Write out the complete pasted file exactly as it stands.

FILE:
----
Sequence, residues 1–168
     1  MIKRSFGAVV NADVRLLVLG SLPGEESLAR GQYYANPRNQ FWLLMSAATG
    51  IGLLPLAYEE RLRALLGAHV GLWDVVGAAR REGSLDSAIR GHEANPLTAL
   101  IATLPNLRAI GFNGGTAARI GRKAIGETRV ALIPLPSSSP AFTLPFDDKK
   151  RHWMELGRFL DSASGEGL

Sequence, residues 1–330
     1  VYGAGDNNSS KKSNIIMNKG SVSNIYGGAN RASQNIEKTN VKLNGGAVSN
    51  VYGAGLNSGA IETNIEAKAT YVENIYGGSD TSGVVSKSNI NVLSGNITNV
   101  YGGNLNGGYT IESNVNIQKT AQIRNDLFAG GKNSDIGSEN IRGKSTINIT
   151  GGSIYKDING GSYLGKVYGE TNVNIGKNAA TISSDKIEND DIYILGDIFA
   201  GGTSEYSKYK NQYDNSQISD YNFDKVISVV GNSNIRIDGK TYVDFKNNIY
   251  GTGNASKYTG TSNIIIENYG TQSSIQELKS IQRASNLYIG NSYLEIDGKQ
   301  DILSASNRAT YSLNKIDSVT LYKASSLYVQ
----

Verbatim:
Sequence, residues 1–168
     1  MIKRSFGAVV NADVRLLVLG SLPGEESLAR GQYYANPRNQ FWLLMSAATG
    51  IGLLPLAYEE RLRALLGAHV GLWDVVGAAR REGSLDSAIR GHEANPLTAL
   101  IATLPNLRAI GFNGGTAARI GRKAIGETRV ALIPLPSSSP AFTLPFDDKK
   151  RHWMELGRFL DSASGEGL

Sequence, residues 1–330
     1  VYGAGDNNSS KKSNIIMNKG SVSNIYGGAN RASQNIEKTN VKLNGGAVSN
    51  VYGAGLNSGA IETNIEAKAT YVENIYGGSD TSGVVSKSNI NVLSGNITNV
   101  YGGNLNGGYT IESNVNIQKT AQIRNDLFAG GKNSDIGSEN IRGKSTINIT
   151  GGSIYKDING GSYLGKVYGE TNVNIGKNAA TISSDKIEND DIYILGDIFA
   201  GGTSEYSKYK NQYDNSQISD YNFDKVISVV GNSNIRIDGK TYVDFKNNIY
   251  GTGNASKYTG TSNIIIENYG TQSSIQELKS IQRASNLYIG NSYLEIDGKQ
   301  DILSASNRAT YSLNKIDSVT LYKASSLYVQ